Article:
100in1day – ‘A citizen-driven festival of doing’
‘Encouraging the inhabitants of a city to take positive action during one particular day’: this is the concept of 100in1day, a movement initiated in Bogota, Colombia. Today, these civil-action days take place in 14 cities around the world to restore a sense of community between neighbours. Didintle Ntsie, co-founder of 100in1day in Cape Town, explains us this innovative model of events.
Interview conducted in April 2014.
Didintle Ntsie, co-founder of 100in1day
Why 100in1day was created?
“100in1day started in Bogota, Colombia, from a frustration that residents were experiencing with things going slow, things not changing in the direction they wanted. A group of Columbian students decided that Cape Town would be a good place to start. Just as well because we also have social issues and people who are a bit grumpy about the direction that things are going in.
Today, there have been two editions of the event, why is it important to encourage citizen participation to build better cities?
“I think that citizens are the experts! The people who use the city are the people who can tell you how the city needs to be. People that we consider to be homeless people are the biggest experts as they live on the streets! It is important to start to open up and experiment co-producing and co-creating spaces, as this is where the magic happens! Citizen’s participation is extremely vital because it is unsustainable otherwise.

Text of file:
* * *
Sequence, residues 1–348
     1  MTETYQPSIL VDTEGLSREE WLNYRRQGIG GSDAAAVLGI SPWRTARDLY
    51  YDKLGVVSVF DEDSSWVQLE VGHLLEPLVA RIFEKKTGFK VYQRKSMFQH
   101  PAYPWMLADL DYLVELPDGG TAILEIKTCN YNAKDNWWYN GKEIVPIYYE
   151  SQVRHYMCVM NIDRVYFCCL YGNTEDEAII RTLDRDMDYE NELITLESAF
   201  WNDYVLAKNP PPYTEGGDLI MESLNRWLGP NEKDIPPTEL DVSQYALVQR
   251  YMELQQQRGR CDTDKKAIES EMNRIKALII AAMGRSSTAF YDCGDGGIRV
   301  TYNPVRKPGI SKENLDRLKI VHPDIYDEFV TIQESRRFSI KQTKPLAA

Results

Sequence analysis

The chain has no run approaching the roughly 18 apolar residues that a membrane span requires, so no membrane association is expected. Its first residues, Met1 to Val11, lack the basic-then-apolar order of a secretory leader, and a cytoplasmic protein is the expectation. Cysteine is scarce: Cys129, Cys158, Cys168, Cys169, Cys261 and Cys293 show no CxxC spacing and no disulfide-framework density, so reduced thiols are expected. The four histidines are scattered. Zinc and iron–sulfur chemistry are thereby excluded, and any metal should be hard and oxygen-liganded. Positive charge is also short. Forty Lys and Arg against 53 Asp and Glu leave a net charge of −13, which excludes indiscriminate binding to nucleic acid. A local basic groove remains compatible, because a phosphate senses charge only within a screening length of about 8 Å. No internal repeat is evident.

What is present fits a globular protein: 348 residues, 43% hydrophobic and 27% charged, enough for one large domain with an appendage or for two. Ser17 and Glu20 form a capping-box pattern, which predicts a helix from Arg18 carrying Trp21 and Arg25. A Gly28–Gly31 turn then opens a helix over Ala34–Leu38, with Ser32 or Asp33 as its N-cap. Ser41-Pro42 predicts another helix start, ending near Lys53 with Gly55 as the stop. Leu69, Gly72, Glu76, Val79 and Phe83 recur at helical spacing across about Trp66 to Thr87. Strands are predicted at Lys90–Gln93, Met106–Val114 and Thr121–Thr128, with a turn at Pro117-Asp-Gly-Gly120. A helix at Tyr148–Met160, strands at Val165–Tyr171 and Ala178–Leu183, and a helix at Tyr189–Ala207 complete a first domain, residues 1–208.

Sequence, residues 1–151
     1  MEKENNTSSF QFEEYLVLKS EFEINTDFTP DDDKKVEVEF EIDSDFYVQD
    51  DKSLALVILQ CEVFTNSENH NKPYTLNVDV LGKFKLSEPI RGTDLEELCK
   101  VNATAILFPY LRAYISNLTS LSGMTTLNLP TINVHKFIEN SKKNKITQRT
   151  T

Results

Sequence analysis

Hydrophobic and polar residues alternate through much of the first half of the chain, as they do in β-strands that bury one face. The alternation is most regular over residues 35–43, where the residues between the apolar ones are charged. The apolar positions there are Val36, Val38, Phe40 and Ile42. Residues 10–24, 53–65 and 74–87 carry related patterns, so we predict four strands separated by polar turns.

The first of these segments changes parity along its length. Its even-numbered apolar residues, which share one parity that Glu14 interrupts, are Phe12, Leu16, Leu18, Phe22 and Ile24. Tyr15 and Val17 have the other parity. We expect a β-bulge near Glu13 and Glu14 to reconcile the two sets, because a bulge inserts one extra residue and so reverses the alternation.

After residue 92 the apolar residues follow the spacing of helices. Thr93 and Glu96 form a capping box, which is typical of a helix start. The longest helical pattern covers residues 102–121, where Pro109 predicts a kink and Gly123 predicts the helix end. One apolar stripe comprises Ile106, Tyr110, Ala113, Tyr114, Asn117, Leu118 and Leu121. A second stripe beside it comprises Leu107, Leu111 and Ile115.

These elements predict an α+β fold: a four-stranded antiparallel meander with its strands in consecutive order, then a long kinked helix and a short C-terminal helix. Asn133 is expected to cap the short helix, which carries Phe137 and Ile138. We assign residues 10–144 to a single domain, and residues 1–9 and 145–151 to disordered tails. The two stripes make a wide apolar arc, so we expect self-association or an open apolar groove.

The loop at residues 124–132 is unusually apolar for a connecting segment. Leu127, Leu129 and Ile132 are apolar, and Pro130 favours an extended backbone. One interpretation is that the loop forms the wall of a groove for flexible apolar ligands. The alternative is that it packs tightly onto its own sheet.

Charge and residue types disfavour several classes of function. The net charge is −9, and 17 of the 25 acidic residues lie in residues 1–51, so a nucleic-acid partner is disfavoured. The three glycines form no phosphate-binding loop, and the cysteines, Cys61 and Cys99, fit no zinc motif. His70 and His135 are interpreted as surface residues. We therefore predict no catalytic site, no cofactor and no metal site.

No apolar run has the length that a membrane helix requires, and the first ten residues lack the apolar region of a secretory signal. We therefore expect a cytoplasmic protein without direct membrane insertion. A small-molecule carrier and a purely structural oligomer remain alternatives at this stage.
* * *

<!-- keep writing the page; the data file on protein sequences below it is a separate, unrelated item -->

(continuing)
What is the concept of 100in1day?
“100in1day is a citizen-driven initiative owned by the citizens and the residents. It is an initiative that is addressing social issues by asking the question: ‘what is your dream for your neighbourhood?’, and through a series of questions, residents are encouraged to do one thing on one day. In total, we have more than 100 actions happening all around the city of Cape Town. The idea is to make people re-imaging the space where they are moving.
Can you give two examples of actions?
“There is a young lady who wanted to experiment the concept of using food to connect people. She was fascinated by the fact that she did not know her neighbours even though she has lived in the neighbourhood for a long time. So, she decided to use a soup kitchen as a central meeting point.
Another initiative that happened all over the city of Cape Town was a Xhosa teacher making stickers, he believes that languages can bring down barriers and bring people together. That was a fun way to encourage people to learn Xhosa!
Can you give three words to describe the spirit of 100in1day?
“High-energy, inclusive, fun.
What was the biggest difficulty in the beginning?
“It was to get people to come to the meetings, to market the concept, explain it and share it. By using social media you obviously cut out certain demographic, so we were very mindful of that. The second challenge was to get people to engage with it. The third most difficult thing was to support people in the process of bringing an idea into reality.
What are the next steps?
“On the 31st of May 2014, we will have an event to showcase what 100in1day is about and to open a dialogue around how 100in1day can look like. 100in1day happens in 14 different cities in the world, and we are curious to see what format it will take in Cape Town and how what we do in Cape Town can assist the templates and the models that are being used in other cities.
Today, a lot of young South-Africans want to embark on an entrepreneurial adventure to help society. Do you have a piece of advice for them?
“Don’t be shy, just try!
A last word?
“I am very excited about how everything is unfolding in the world, a lot of people are starting to experiment and explore what the different alternatives ways of living can be. To me that is very exciting. The more that get involved, the more delicious it is!
Source: SA-The Good News